Definition page - actions and triggers.

  2. The General area displays information about the action or trigger currently selected. You can edit the information here, including the Visibility property for operations and parameters in a logic app or flow:

    • none: displayed normally in the logic app or flow

    • advanced: hidden under an additional menu

    • internal: hidden from the user

    • important: always shown to the user first

      Definition page - general.

  3. The Request area displays information based on the HTTP request that's included in the OpenAPI definition. In this case, you see that the HTTP verb is POST, and the URL is /text/analytics/v2.0/sentiment (the full URL to the API is <>). We'll look more closely at the body parameter shortly.

    Definition page - request.

    The following section of the OpenAPI definition contains information for the General and Request areas of the UI:

    "paths": {
      "/text/analytics/v2.0/sentiment": {
        "post": {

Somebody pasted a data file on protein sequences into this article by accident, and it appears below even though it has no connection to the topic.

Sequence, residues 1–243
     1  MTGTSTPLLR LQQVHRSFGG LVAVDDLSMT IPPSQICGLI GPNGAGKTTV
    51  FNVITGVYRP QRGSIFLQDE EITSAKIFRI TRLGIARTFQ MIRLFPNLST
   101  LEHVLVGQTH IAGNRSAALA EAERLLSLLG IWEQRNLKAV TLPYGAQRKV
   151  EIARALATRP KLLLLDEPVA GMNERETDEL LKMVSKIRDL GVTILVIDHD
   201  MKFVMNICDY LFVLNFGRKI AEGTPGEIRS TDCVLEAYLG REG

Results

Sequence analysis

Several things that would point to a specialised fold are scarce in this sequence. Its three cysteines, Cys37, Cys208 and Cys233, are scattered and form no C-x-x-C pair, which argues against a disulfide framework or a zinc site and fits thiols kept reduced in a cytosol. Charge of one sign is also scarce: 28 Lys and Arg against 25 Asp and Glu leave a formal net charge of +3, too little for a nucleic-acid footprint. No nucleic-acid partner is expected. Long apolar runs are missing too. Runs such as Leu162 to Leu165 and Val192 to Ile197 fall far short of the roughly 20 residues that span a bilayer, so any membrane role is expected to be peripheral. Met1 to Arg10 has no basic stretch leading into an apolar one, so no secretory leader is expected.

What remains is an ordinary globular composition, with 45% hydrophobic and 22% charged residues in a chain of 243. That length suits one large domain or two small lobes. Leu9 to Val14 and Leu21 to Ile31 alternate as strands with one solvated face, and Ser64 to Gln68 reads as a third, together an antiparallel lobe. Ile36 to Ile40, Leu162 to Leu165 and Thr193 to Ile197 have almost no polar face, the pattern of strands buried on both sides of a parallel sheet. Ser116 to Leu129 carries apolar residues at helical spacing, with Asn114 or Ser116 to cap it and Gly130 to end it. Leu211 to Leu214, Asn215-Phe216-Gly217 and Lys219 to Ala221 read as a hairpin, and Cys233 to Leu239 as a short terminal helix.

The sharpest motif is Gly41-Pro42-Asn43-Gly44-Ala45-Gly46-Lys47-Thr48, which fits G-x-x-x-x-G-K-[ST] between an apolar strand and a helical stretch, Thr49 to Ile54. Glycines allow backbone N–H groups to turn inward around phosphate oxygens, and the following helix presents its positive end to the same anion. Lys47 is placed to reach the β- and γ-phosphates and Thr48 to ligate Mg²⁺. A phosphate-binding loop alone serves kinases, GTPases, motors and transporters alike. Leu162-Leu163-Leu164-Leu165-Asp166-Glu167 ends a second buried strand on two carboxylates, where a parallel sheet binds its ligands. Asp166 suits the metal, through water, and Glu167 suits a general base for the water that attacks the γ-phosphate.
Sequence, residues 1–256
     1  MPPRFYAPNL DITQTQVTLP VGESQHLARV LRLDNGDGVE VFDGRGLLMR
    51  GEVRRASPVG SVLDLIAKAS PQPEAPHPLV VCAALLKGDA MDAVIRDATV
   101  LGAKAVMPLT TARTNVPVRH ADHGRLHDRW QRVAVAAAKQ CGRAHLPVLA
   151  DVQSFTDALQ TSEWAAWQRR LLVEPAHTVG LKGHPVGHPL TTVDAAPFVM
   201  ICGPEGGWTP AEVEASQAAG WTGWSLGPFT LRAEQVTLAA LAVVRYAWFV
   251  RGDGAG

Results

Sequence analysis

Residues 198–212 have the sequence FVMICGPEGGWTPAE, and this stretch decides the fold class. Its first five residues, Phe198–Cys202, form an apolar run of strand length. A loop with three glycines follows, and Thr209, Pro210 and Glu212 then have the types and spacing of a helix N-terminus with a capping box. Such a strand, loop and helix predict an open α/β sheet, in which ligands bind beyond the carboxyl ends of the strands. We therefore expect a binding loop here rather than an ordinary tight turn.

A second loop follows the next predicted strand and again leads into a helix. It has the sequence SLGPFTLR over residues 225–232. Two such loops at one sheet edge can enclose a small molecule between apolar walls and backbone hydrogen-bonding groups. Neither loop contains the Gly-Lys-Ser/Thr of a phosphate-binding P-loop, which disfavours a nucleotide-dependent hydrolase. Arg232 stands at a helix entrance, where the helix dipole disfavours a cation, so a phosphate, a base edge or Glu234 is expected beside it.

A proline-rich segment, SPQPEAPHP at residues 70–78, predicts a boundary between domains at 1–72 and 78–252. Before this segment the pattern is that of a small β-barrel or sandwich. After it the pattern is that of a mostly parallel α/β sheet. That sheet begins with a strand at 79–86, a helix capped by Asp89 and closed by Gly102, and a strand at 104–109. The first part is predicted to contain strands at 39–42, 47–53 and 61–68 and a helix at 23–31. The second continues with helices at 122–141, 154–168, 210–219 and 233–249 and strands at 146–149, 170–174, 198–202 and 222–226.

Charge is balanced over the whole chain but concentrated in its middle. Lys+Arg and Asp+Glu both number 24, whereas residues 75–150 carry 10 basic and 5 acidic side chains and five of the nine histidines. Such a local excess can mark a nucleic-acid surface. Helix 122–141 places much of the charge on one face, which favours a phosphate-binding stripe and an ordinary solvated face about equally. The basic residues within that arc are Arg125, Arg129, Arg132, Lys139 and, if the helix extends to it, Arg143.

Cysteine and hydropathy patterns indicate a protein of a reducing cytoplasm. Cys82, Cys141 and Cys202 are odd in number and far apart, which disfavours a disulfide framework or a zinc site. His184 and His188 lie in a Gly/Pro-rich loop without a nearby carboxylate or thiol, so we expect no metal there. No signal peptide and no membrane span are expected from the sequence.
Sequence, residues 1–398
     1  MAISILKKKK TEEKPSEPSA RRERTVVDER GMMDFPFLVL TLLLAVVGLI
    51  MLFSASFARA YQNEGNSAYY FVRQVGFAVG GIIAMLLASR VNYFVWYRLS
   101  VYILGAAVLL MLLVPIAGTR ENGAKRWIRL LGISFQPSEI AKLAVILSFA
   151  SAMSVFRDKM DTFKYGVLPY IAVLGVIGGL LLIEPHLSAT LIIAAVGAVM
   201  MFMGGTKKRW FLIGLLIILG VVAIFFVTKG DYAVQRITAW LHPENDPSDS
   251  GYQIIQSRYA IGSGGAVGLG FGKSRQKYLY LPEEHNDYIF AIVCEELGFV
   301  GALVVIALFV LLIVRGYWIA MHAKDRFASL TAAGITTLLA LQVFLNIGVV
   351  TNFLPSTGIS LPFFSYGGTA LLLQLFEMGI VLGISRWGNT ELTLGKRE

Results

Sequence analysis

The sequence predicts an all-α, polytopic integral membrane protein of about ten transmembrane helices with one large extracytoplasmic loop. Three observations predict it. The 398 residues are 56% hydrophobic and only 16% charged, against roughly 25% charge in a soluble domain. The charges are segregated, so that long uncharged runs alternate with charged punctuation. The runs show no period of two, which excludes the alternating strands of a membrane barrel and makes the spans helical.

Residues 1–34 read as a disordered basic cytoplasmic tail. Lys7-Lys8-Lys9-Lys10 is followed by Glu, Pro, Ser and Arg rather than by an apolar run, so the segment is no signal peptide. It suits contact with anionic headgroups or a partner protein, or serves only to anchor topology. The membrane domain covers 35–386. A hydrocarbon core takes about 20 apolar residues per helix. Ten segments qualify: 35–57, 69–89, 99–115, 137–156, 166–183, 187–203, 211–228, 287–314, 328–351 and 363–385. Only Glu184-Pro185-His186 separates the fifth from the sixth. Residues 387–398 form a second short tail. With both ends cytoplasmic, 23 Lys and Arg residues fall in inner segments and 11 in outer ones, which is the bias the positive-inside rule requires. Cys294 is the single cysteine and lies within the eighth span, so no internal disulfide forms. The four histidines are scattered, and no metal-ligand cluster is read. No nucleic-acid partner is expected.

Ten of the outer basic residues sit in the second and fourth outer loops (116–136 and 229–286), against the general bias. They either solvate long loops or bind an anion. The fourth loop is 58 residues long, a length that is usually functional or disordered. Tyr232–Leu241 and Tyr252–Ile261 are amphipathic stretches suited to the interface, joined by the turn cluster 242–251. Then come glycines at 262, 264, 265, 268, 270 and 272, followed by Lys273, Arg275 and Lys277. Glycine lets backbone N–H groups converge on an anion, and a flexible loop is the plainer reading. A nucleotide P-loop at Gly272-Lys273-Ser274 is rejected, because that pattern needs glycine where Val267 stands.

"summary": "Returns a numeric score representing the sentiment detected",
          "description": "The API returns a numeric score between 0 and 1. Scores close to 1 indicate positive sentiment, while scores close to 0 indicate negative sentiment.",
          "operationId": "DetectSentiment"
  4. The Response area displays information based on the HTTP response that's included in the OpenAPI definition. In this case, the only response defined is for 200 (a successful response), but you can define additional responses.

    Definition page - response.

    The following section of the OpenAPI definition contains some of the information related to the response:

    "score": {
     "type": "number",
     "format": "float",
     "description": "score",
     "x-ms-summary": "score"
    "id": {
     "type": "string",
     "description": "id",